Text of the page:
If the female dog is not mated and is not pregnant, she may become pregnant a few weeks after the heat. This is an ancient process that is useful in wolf packs: Pseudo-pregnant bitches produce milk and can help the lead wolf raise their pups. In most female dogs, the pseudo-pregnancy is normal. They show nest building instincts or lick their cuddly toys. You don’t need to intervene. However, some may show behavioral problems: they become restless, aggressive or emaciated. If the female dog defends her toy with bites or suffers from excessive milk penetration, speak to your veterinarian.
Do you want to mark males everywhere?
Raise your leg – many times with every walk. Most male dog owners know this behavior from their animal companion. “Urine collection points” such as corners of houses, hydrants or lanterns are particularly popular. But provided that they are well educated, the dog quickly learns that, for example, cars or walls are taboo. Consistently prevent the marking of neighboring properties. Instead, encourage your dog to pee on trees and lawns.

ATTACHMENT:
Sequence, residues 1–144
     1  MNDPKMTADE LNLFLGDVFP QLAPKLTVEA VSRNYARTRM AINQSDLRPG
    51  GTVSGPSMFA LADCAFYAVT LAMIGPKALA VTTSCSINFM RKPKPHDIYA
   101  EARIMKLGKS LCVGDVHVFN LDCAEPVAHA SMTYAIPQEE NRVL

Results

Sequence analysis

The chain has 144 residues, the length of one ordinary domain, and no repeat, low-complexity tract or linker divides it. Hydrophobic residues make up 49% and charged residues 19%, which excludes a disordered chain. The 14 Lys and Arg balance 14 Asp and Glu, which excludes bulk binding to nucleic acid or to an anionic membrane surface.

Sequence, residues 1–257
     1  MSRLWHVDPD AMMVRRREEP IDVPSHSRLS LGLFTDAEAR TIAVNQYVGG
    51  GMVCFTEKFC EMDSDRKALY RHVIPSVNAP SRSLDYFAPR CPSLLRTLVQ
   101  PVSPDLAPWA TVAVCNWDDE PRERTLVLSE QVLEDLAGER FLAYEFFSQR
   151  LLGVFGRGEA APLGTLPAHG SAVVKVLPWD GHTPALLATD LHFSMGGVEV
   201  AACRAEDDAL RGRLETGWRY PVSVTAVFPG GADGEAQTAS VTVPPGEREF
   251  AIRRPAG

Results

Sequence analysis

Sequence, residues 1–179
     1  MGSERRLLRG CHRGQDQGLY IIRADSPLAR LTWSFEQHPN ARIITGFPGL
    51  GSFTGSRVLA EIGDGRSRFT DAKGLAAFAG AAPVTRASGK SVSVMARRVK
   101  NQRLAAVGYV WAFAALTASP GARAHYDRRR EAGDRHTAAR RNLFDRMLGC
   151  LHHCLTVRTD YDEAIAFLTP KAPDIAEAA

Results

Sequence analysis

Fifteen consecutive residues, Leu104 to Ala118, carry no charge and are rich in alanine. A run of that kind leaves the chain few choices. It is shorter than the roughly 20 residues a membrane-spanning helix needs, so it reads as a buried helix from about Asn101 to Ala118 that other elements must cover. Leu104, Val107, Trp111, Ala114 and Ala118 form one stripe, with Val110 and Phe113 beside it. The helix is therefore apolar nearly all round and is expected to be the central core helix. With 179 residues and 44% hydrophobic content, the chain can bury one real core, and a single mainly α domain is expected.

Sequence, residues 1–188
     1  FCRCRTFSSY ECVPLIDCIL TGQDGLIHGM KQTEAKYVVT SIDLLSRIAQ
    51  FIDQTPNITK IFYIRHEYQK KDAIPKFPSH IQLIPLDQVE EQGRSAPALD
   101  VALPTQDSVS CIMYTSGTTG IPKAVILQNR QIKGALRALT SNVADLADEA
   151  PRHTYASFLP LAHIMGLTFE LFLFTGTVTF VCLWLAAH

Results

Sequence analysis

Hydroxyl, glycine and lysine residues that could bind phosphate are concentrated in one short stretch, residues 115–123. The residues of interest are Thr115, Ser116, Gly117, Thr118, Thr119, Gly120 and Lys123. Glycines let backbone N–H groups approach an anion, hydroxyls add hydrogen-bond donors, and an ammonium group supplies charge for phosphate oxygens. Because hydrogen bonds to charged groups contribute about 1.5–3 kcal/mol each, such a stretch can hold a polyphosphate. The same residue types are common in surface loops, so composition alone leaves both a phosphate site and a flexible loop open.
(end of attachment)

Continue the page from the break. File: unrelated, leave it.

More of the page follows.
Keeping two dogs – what goes best together?
Exceptions also confirm the rule here, but: female dog and male usually harmonize better than same-sex couples. Because they see themselves more often as competitors, which can lead to discrepancies. However, many harmonious dog teams prove that it is also possible otherwise. Especially when they grow up together, same-sex animals get along well with each other.
What does neutering bring about the behavior of female or male dogs?